At the age of 17, I knew that what really matters in life are people, relationships. I wrote it down in my journal – the one with life truths in it.
I have resisted social media as a rule, not wanting to reduce friends to a pixelated Face in a book on the web, or be downsized to 140 characters on the run between supersized meals. If I want to keep up with someone or they want to know more, we can talk on the phone.
What matters in life are relationships, and such are not fostered by monitoring digitized updates.
So when the panelist of self-published authors yesterday said of the process, “It’s all about relationships,” I nodded my head.
The coffee shops, the ice cream stores, and the bakeries she frequents display her book proudly on shelves. Not a means to an end, but part of her heart and her soul. The kind of community I seek.
Struck by a void, I felt the relationships lacking. Though I live in a Portland place filled with community potential, I have failed to know neighbors – failed to converse rather than make a transaction, to walk to the river beside moms pushing carriages, to find a location for lounging other than my fenced-in backyard.
The truth is I rarely slow down to frequent a place as I’ve always desired. I flit from one place to the next, never long or intentionally enough to establish rapport.
In some cases, I fear being known, wanting to be left to my work and my thoughts. In others, I fail to find language to carry the conversation between strangers. More often than not, I concede relationships to tasks and miserly fixations, insisting others step aside as productivity barrels its way through.
I’ve resisted the many social media because I have no room for more. I don’t want to expand the web to capture the woman I met on the light rail, the high school classmate I silently tolerated, or the colleague I relegate to the professional realm.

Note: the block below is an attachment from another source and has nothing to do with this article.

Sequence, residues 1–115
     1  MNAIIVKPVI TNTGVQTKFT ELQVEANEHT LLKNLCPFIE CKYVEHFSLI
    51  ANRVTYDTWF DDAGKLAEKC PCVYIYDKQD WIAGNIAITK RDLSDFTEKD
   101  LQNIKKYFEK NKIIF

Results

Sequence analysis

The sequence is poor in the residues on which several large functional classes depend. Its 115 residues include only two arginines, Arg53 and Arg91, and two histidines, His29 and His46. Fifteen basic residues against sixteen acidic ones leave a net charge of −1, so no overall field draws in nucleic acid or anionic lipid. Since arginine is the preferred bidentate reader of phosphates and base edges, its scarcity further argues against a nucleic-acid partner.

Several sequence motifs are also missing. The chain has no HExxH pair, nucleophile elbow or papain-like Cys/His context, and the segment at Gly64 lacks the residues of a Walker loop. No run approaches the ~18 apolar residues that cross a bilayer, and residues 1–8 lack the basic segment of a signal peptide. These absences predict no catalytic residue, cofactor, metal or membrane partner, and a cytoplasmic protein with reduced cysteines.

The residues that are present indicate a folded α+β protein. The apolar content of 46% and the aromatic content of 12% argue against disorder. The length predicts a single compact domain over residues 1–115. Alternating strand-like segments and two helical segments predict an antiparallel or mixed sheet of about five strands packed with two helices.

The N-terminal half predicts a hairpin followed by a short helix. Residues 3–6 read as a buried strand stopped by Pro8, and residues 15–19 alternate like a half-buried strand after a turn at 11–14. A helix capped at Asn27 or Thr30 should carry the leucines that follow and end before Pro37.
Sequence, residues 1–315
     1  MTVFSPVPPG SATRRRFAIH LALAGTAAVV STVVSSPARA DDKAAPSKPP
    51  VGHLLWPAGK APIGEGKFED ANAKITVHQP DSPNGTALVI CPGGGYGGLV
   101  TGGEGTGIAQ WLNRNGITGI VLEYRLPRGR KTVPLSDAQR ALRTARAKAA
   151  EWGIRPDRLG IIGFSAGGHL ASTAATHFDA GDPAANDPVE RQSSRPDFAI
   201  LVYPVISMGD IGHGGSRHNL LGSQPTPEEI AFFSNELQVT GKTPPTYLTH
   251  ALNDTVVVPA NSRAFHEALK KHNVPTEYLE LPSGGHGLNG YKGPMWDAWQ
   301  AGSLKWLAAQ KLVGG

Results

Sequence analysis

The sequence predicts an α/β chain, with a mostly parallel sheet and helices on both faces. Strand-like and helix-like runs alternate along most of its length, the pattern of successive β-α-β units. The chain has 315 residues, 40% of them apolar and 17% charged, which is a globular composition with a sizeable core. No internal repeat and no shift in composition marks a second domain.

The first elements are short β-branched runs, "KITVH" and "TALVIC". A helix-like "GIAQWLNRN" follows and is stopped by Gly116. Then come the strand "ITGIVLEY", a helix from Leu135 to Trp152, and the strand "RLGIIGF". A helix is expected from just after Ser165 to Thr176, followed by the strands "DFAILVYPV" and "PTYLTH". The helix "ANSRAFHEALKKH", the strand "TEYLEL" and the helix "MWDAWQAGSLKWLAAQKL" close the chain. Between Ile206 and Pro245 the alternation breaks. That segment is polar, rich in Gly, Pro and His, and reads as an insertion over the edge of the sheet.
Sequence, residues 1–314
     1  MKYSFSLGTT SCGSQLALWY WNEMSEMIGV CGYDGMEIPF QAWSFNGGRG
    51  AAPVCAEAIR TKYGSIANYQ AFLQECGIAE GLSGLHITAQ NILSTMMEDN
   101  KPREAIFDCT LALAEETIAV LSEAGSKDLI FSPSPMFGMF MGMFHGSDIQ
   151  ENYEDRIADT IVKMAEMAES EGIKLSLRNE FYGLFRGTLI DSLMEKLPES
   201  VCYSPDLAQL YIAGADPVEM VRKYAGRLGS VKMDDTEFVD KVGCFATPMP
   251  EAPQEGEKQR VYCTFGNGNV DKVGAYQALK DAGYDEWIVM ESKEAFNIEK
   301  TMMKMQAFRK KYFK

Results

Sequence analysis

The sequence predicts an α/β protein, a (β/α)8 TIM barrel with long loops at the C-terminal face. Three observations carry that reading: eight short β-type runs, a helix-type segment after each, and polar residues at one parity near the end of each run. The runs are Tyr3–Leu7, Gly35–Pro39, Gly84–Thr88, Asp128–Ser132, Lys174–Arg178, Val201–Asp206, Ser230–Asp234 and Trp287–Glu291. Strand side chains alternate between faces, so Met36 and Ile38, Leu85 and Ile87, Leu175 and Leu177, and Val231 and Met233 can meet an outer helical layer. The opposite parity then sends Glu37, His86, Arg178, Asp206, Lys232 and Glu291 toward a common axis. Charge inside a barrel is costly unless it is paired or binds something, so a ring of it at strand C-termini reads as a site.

At some point the weight of the silk-woven threads surpasses the girth of the web, and I know I will capsize under its bulk.
I resist relationship outside the closest and few, quickly withdrawing when the connection’s not there.
Yet what really matters in life are people, relationships.
“The strongest professional connections are on LinkedIn,” the author continued. “I recommend spending an hour a day building relationships.”
This woman so much further along than me in appreciating and fostering community would not consider an hour a day on LinkedIn a waste of time.
I found myself caught off guard, not most by the suggestion, but by the juxtaposition not jarring me. Having chastised myself for not slowing down as had this Portland-bred author, I now saw she cared far more for people than this Christian-bound hide.
Those phone calls I’d make if I wanted to know more – I’d rarely made time. And while I feared downsizing friendships, I saw perhaps I must enter this world, or delete nearly all. Perhaps I must join this modern medium if I am to live out the truth.
If there is no time for a quick poke or a note, then I have no room for others in life. I must choose to reach out in person or, because I have continually crowded out all other ways, I must at least capitulate to the digitized version.
What I am sure of is I can no longer hide behind walls of efficiency.
I desperately want to spend that hour a day reaching beyond the confined space in my head, finding the deeper connection with others, building the substance of knowing. Through one self-published author, I saw it may even become the most productive, paradoxical of ways.